Posts from April, 2009

Missile Watch #4: Global Update (January – March 2009)

Afghanistan

In March, the Sunday Times of London reported on the Taliban’s alleged acquisition of Iranian-supplied SA-14 missiles, which the Afghan insurgent group reportedly wants for a “spectacular” attack on coalition forces. The accusation reportedly came from unidentified “American intelligence sources.” According to the Sunday Times, “…coalition forces only became aware of the presence of SA14s two weeks ago when parts from two of them were discovered during an American operation in western Afghanistan.” The article provides no information on the number of SA-14s allegedly circulating in Afghanistan, their condition, or Iran’s alleged connection to them. When queried about the Sunday Times article, a US military official told the Federation of American Scientists that “[man-portable air defense systems] have been recovered in Afghanistan since 2007,” but refused to provide additional details because of “operational security concerns.”

Other types of MANPADS reportedly acquired by the Taliban and other unauthorized end-users in Afghanistan include the Chinese HN-5, photographs of which were obtained by the Washington Times in 2007, and the ubiquitous SA-7.

For information on Iraq, Sri Lanka and Somalia, click here.

North Korea Launches Rocket but Satellite Fails

Despite a world of advice to the contrary, the North Koreans launched their Taepodong-2 or Unha rocket yesterday morning. Recent reports are that the first two stages operated correctly but the third stage failed. Reading between the lines a bit, it might have failed to ignite rather than exploding. This seems to be a replay of the Taepodong-1 test satellite launch attempt: In that case, both stages one and two seemed to operate properly but the third stage apparently exploded and the satellite never entered orbit. (That failure did not discourage the North Koreans, who announced that the whole thing was a great success and the satellite was up there. My bet is they will do the same thing this time.)

So was the test a failure? Not at all. The reason the world is worried about this test is not because we are worried about competition in the satellite launch business. (Good luck to them!) The world worries because the launcher the North Koreans used is a Taepodong-2, which most everyone believes is their next step up toward a long-range ballistic missile. By taking a warhead off and putting a small third stage and a satellite on top, they might call it a space launcher but the first two stages are exactly the same. The last time the configuration was tested, it exploded 40 seconds into its flight and that flight was a clear failure. No doubt, the North Koreans would have been happier this time with a little satellite up there broadcasting patriotic songs but everything they needed to test for a military missile appears to have worked in yesterday’s test. From the military perspective, the test at this point seems to have been largely successful, in that it demonstrated what needed to be demonstrated and the North Koreans got the information they needed to get.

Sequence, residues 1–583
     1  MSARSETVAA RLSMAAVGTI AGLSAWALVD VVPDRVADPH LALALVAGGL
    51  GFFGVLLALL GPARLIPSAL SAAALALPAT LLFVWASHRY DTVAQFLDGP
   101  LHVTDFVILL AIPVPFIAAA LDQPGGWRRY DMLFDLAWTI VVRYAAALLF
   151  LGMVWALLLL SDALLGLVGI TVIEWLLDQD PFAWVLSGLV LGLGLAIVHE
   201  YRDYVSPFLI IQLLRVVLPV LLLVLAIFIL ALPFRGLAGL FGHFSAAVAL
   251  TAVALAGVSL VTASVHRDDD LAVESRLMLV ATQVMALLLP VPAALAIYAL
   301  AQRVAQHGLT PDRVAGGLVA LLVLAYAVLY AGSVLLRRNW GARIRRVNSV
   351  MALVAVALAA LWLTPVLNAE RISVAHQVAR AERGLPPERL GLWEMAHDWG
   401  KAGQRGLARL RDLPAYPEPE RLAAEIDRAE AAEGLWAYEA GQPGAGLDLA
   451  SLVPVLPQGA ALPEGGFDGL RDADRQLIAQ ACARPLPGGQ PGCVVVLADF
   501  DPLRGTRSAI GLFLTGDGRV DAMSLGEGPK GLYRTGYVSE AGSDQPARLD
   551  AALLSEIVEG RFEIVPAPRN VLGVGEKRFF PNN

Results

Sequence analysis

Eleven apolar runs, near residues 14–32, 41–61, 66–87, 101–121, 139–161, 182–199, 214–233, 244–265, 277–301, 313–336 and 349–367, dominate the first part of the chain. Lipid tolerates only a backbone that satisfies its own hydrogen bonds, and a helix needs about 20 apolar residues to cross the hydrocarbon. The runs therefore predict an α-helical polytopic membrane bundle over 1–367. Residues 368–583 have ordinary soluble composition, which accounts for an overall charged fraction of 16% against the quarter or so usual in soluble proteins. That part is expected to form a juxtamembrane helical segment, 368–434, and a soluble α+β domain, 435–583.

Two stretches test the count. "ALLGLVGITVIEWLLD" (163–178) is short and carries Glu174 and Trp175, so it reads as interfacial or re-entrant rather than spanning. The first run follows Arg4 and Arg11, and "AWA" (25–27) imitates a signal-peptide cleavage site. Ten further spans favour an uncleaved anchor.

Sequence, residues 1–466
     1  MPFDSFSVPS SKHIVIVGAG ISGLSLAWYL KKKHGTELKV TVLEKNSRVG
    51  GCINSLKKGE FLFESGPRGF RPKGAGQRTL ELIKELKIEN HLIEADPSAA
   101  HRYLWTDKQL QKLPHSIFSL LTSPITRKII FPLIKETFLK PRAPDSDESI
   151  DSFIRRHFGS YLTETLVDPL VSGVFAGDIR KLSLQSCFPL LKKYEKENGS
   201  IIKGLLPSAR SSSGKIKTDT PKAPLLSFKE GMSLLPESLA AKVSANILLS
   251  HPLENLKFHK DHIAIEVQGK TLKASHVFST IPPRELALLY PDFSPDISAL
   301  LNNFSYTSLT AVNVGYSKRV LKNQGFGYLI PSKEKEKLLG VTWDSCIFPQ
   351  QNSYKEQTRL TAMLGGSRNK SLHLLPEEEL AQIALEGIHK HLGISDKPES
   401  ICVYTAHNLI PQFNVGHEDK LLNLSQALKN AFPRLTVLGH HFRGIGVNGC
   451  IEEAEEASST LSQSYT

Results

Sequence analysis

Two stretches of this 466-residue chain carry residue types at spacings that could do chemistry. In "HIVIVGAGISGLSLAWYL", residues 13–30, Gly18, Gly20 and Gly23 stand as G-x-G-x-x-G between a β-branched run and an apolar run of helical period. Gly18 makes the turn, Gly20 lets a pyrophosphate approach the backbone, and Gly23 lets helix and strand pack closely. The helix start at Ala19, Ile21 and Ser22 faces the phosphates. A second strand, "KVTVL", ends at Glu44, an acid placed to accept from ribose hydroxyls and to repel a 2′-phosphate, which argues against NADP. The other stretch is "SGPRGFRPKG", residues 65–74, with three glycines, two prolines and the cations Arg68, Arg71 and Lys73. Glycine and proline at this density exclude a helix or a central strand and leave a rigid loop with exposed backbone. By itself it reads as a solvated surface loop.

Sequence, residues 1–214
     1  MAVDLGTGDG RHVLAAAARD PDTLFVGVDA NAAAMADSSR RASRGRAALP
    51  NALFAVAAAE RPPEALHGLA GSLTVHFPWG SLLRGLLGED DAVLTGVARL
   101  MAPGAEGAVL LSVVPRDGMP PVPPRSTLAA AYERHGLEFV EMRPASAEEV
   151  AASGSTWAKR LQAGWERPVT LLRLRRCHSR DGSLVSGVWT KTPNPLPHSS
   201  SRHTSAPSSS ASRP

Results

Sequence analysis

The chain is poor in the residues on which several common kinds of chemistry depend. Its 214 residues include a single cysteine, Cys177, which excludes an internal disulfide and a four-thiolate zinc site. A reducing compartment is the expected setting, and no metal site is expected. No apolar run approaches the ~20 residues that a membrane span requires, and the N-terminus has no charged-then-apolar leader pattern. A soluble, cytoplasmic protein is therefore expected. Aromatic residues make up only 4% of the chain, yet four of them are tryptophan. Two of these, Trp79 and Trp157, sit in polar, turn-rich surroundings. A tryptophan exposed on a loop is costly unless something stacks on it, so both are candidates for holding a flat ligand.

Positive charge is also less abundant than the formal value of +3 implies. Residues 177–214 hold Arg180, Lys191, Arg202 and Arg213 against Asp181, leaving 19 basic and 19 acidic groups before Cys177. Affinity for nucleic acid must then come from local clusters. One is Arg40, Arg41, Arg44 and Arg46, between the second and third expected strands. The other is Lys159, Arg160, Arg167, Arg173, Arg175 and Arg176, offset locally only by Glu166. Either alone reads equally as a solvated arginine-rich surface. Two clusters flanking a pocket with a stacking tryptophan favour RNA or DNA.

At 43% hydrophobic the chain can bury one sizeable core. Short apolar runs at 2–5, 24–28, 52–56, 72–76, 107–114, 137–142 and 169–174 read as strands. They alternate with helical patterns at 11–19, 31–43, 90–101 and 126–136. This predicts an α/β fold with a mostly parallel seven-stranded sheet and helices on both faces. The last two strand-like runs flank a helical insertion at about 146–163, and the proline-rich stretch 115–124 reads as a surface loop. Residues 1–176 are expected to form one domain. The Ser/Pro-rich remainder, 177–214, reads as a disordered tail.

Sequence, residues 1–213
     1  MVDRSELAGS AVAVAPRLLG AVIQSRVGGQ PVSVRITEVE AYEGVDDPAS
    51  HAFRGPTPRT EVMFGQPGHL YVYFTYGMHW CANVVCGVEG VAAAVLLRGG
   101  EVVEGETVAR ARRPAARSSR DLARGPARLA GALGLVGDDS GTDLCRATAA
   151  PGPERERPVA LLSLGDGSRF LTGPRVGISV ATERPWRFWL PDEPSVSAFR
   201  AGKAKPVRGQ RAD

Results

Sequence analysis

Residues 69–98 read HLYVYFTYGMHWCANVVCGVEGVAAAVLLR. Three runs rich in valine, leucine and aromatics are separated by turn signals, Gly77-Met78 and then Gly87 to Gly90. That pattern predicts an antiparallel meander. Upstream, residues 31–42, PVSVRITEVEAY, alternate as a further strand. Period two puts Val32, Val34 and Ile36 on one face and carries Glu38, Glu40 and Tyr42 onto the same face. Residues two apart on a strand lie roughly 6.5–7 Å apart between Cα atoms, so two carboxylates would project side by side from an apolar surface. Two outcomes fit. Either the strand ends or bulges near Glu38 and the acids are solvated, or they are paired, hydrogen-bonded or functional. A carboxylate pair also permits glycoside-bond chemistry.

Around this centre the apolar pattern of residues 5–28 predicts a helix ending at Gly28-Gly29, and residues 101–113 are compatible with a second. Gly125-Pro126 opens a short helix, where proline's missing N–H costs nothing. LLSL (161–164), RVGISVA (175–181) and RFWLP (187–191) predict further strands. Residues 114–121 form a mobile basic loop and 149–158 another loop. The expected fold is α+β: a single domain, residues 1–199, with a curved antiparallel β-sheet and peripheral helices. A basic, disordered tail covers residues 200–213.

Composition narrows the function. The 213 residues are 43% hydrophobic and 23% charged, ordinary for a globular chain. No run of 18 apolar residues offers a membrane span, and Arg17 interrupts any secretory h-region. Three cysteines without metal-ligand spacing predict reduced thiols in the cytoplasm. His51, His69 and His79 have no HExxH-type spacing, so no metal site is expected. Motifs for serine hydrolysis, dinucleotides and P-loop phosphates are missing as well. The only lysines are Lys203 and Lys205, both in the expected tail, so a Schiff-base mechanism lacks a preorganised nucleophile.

Does this mean they have a missile that can reach the United States? Well, not really. This test is a big step forward for them but one test does not make a ballistic missile program. There is much more for them to do. We have no idea what they judge the accuracy of the missile and they have not tested an appropriate reentry vehicle. This missile test is an very unfortunate development. I wish the North Koreans had more finese. But it does not give them a ballistic missile capability yet.
Addendum: More information is coming it. Apparently, not only did the satellite fail to enter orbit, but the second stage fell short of the predicted impact area. That suggests that the second stage failed. It could even be that the third stage operated successfully–separated, ignited, guidance worked, and so forth–but without the proper speed and altitude provided by the second stage, it would have no chance of making orbit. If this turns out to be the case, then the conclusions above have to be modified and this is a more limited step forward for the North Korean Taepodong-2 program.

North Korea’s Teapodong-2 Unha Missile Launch: What might we learn?

Indications are that North Korea is moving ahead with its planned launch of a missile with the intent of placing a satellite into orbit. The North Koreans are portraying the launch in purely innocuous, civilian terms even naming the rocket “Unha,” which means “Milky Way” in Korean, to emphasize its space-oriented function. In the West, the rocket is called the Taepodong-2 and is thought to be a long-range (but not truly intercontinental range) ballistic missile.

Even if the rocket launches a satellite, and recent news reports say the payload sections seems to be shaped and sized for a satellite, it would be an important step in their military ballistic missile program. In the early days of the Soviet and American space programs, there was little distinction between military and civilian rocket development and the same would be true of North Korea’s upcoming launch. What I want to discuss in this essay is the question of how much can the outside world learn if the North Korean test goes through, what does it tell us about their ballistic missile capability?

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